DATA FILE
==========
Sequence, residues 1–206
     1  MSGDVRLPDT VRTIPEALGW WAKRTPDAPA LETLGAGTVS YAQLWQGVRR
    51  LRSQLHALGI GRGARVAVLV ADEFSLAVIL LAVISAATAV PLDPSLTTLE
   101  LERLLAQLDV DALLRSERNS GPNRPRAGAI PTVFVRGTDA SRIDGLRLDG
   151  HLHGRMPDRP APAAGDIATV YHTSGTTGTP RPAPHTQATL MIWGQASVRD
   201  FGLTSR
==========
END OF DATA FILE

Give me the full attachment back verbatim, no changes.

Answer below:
Sequence, residues 1–206
     1  MSGDVRLPDT VRTIPEALGW WAKRTPDAPA LETLGAGTVS YAQLWQGVRR
    51  LRSQLHALGI GRGARVAVLV ADEFSLAVIL LAVISAATAV PLDPSLTTLE
   101  LERLLAQLDV DALLRSERNS GPNRPRAGAI PTVFVRGTDA SRIDGLRLDG
   151  HLHGRMPDRP APAAGDIATV YHTSGTTGTP RPAPHTQATL MIWGQASVRD
   201  FGLTSR